A temporary gantry has been installed at the Forth Bridge to allow engineers to safely access the structure’s southern suspended span.
The gantry, which will enable the bridge’s maintenance team to carry our repairs to steel troughing sections, was raised into place from a barge. The design of the gantry allows the team to make repairs from below, eliminating the need to disrupt train services. It is expected to remain in place, 46 metres (150 feet) above the Forth, for the next two years.
Jamie Mclaren, Network Rail Asset Engineer said:
“Network Rail completed a major restoration of the Forth Bridge in 2011 but the focus for that work was on the super structure which supports the bridge rather than bridge deck which carries the track.
“This work will focus on repairs to the trough deck area of the suspended span. This section of the bridge is underneath the running lines and is part of a wider maintenance programme to fix similar defects across the whole length of the Forth Bridge over the next few years.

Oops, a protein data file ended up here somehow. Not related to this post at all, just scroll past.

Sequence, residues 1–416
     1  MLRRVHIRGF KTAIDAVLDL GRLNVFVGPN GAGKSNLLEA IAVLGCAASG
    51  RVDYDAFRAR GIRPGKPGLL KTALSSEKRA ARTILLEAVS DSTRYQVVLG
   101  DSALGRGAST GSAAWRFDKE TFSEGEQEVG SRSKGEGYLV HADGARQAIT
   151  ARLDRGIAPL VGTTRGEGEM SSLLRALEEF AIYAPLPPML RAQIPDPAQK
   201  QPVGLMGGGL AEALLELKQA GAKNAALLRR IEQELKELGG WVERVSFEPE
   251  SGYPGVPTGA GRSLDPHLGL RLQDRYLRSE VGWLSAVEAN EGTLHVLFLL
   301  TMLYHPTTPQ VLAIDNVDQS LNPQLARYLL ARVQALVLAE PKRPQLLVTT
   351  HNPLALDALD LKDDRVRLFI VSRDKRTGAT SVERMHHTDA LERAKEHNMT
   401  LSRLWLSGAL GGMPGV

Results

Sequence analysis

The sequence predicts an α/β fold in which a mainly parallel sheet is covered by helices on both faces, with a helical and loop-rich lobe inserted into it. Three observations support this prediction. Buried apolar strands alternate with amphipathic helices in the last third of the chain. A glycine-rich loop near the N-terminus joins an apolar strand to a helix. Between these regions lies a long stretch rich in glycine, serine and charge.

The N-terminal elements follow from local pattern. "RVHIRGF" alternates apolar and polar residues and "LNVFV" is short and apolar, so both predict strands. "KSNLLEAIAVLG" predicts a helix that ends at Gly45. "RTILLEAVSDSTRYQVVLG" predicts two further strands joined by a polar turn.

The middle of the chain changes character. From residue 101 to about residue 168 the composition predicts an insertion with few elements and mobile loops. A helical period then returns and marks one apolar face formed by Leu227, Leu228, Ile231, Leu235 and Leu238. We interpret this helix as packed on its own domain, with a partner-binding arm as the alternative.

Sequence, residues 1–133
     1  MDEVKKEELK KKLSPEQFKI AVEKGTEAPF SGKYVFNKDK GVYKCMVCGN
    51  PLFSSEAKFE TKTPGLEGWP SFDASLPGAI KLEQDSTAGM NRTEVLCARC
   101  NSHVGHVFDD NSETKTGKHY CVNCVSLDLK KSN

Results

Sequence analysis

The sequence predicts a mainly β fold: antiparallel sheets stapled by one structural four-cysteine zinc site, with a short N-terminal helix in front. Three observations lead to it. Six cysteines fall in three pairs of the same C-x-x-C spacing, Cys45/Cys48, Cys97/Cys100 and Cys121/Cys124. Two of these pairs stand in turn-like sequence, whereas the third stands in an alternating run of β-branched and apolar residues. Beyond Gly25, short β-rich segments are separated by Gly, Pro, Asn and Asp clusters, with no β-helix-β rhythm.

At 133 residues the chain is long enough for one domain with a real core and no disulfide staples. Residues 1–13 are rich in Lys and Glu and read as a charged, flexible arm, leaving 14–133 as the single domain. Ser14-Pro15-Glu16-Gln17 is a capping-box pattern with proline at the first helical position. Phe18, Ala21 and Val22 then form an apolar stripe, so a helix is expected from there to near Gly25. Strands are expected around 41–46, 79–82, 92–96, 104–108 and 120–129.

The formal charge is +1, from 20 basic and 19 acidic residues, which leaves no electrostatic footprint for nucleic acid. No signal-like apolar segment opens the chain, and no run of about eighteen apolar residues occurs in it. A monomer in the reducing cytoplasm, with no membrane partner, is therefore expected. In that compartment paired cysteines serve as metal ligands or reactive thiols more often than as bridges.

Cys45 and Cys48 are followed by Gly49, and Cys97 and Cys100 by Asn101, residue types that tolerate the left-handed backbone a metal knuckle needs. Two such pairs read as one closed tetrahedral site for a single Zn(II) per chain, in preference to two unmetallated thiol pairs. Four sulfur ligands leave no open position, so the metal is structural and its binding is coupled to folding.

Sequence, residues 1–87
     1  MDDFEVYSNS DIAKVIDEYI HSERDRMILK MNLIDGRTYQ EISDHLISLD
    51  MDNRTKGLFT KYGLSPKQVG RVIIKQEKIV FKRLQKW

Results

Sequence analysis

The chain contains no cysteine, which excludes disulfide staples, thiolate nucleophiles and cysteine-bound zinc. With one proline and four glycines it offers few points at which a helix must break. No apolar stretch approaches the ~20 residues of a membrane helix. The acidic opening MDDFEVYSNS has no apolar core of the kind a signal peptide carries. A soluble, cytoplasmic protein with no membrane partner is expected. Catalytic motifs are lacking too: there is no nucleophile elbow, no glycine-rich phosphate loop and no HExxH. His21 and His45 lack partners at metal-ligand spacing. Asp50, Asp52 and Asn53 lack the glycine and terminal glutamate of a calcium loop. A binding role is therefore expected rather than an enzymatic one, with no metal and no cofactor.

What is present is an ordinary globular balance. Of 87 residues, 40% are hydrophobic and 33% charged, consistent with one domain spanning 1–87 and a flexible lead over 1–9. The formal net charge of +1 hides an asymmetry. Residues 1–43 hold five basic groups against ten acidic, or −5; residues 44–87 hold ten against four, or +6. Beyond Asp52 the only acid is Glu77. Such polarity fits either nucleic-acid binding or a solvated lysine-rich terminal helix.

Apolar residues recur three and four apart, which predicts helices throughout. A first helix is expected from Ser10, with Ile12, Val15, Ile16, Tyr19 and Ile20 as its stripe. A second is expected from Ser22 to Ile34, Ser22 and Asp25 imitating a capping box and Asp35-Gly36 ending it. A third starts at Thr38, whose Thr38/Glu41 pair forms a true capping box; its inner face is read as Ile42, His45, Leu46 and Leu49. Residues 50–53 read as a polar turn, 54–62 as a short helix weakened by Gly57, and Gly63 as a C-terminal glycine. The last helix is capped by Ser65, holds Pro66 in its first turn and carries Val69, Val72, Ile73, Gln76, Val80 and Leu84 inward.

“Steelwork repairs to these areas will address historic deterioration of the steel deck caused by various changes in track profile and heavy freight traffic which no longer runs across the bridge.”
Colin Hardie, Construction Superintendent for Balfour Beatty said:
“The gantry itself is large structure, so getting it out onto the water then raised up to deck level was a major logistical challenge.
“Now it’s in place, we can move it gradually along the underside of the suspended span as steel repairs are completed.”
Balfour Beatty was the lead contractor during a ten year restoration of the Forth Bridge, completed in 2011. The restoration focussed on the critical structural elements of the bridge, with the focus on steel repairs as well as blasting and painting.
Network Rail currently spends approximately £1M per year or regular inspections, maintenance and repairs at the Forth Bridge.